here we demonstrate linkage in this region to myopia as well as refraction, but little evidence of linkage to hyperopia. This finding is consistent with the initial report by Stambolian et al.19
of genome-wide significant evidence of linkage in this region to myopia, with an LOD (HLOD) of 3.54, at marker D22S685
(physical position 34.4 Mb) and a linkage region spanning D22S689
(28.7 Mb) and D22S445
(37.4 Mb). However, our linkage peak is located adjacent to that reported by them, with a minimum P
= 4.43 × 10−3
at rs737923 (19.1 Mb) with the region spanning rs2097596 (17.9 Mb) to rs374225 (20.0 Mb) for myopia and from rs3747026 (18.2 Mb) to rs1476445 (19.6 Mb) for adjusted refraction.19
There is additional evidence of linkage to refraction in our data at rs5762174 (27.9 Mb, empiric P
= 1.31 × 10−3
). Given that linkage signals can extend for several megabases and the location of the peak around a causal locus can vary markedly due to genetic heterogeneity and marker information content, these results could represent the same locus or they could be due to multiple loci on chromosome 22. In addition, the families studied by Stambolian et al. were highly ascertained for multiple myopes in each family, whereas the BDES families were population based. However the consistent linkage signals for myopia and refraction to this region of chromosome 22 strongly indicate that at least one major locus resides in this region.
Evidence suggestive of linkage to high myopia (> −6 D) on 7q36 was first reported by Naiglin et al.21
In their analysis of 21 French and 2 Algerian families, they reported a maximum LOD of 2.81 at D7S550
, with the region of linkage extending from D7S798
(152.7 Mb) to D7S2423
(157.4 Mb). Our linkage region for refraction ranged from rs1547958 (150.6 Mb) to rs1389240 (156.0 Mb), overlapping the region that they reported. However, there was no evidence supporting linkage to myopia in this region for our families.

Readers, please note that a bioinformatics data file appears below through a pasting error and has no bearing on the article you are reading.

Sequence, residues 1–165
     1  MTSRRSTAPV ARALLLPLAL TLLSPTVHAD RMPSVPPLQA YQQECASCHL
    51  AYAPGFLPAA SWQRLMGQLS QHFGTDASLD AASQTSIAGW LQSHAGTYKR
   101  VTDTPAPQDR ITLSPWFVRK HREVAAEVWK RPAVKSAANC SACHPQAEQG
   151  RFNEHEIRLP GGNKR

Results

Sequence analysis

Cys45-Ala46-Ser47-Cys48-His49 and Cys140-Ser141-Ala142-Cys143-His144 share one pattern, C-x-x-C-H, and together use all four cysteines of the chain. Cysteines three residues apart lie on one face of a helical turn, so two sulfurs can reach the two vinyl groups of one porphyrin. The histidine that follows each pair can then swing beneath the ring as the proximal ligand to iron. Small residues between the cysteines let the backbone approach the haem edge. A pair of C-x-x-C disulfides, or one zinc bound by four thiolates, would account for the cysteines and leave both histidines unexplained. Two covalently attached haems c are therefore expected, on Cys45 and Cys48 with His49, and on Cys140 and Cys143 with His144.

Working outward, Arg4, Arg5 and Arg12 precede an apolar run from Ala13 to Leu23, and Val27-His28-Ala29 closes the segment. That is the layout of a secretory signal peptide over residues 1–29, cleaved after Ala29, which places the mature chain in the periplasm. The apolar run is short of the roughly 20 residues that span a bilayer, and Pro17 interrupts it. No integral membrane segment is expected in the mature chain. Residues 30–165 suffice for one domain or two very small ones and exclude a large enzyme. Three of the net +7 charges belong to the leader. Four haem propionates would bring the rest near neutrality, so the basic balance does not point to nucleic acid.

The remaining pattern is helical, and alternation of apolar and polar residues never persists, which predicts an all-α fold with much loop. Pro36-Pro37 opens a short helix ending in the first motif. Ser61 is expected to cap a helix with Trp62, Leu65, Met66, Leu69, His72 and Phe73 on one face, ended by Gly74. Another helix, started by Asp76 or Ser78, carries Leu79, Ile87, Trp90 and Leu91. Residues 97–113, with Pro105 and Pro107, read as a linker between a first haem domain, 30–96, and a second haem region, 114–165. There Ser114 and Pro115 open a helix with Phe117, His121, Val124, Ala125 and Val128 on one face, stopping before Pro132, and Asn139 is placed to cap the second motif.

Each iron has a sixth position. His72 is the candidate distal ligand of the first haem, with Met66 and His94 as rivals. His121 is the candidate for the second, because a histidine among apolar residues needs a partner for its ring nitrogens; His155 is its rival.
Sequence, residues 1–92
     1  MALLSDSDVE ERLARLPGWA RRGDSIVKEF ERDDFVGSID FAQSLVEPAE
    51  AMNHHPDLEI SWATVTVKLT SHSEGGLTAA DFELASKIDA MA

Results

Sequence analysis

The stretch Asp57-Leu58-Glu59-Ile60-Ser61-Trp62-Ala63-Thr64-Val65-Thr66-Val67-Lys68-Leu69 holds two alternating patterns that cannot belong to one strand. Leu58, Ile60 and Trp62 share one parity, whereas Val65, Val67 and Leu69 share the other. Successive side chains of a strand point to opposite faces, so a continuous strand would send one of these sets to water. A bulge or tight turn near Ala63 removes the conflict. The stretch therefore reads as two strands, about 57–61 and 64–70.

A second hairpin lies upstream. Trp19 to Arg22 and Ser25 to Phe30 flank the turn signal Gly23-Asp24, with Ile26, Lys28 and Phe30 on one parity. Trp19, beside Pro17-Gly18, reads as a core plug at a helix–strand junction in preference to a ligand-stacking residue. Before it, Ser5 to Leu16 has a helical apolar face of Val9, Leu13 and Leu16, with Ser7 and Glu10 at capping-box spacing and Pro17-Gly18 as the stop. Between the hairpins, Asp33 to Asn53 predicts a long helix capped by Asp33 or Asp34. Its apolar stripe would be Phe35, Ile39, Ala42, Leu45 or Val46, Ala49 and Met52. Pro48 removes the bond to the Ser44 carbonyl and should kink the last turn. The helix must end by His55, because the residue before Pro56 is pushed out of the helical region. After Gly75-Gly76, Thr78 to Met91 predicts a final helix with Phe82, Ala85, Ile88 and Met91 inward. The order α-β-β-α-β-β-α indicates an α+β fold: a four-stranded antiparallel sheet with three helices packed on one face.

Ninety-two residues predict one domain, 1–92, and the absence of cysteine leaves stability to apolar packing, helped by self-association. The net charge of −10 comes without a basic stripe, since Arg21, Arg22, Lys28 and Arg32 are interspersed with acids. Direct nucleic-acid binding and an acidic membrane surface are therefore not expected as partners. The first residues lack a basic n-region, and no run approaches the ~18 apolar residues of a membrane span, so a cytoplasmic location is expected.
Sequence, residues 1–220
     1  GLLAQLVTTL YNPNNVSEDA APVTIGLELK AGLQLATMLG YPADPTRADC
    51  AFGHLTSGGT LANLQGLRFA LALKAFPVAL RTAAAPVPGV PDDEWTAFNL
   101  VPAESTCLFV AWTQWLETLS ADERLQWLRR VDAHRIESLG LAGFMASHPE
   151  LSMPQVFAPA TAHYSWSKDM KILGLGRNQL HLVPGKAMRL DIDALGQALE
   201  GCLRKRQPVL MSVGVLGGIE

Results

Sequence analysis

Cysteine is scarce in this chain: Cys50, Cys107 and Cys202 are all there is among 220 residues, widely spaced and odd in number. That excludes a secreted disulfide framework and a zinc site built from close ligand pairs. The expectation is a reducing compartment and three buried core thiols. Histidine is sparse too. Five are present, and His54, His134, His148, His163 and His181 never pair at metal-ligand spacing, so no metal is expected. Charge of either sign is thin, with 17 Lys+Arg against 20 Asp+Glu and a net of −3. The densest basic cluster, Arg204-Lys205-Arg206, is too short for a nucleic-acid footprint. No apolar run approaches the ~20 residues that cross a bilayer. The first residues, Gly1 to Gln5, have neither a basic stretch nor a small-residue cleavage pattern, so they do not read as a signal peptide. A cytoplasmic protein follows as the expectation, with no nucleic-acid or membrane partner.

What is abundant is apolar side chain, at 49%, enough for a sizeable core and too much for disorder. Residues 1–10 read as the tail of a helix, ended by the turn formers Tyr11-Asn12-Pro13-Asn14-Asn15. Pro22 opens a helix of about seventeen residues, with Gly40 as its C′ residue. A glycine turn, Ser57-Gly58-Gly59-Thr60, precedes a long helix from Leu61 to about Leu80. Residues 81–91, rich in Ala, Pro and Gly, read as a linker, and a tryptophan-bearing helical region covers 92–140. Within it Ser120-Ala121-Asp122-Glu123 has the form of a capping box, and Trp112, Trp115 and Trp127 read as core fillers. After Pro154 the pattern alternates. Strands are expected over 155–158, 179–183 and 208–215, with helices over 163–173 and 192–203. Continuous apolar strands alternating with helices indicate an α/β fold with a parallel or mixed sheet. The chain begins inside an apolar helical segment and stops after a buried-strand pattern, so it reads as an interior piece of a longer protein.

In addition to the region on 7q36, we also had evidence of linkage to 7p15-21. Our previous linkage analysis of refraction in the BDES using microsatellite markers alone provided some evidence of linkage to this region, with the minimum multipoint P
= 2.2 × 10−3
at marker D7S3051
This linkage region spanned markers rs957960 (18.8 Mb) to rs1725074 (27.1 Mb). Ciner et al.24
have reported linkage to refraction adjacent to this region among 96 African American families. In their analysis they observed a maximum LOD of 5.87 with an associated P
= 5 × 10−5
with the linkage peak ranging from markers D7S1808
(27.9 Mb) to D7S2846
(38.0 Mb), respectively, which is adjacent to our region.
In addition to the linkage loci identified for refraction, myopia, and hyperopia, several genomewide association studies for myopia have recently been conducted. Linkage studies are better suited to detecting rare alleles associated with a strong effect (high odds ratio or high penetrance) of disease and are robust to allelic heterogeneity (multiple mutations in the same gene which result in the same phenotype). Association studies are better suited to detecting lower-penetrance common variation associated with disease. While variation on 5p15, 11q24, 15q14, and 15q25 have been associated with myopia it is not surprising that we did not detect linkage in these regions, given the relative strengths of linkage versus association methods (Verhoeven VJM, et al. IOVS
2010;51:ARVO E-Abstract 2972).39–41
Work is ongoing to refine these linkage peaks and to identify the genes underlying these linkage signals, with particular emphasis on the interesting regions on 3q36, 22q11, 7p21, and 7q36.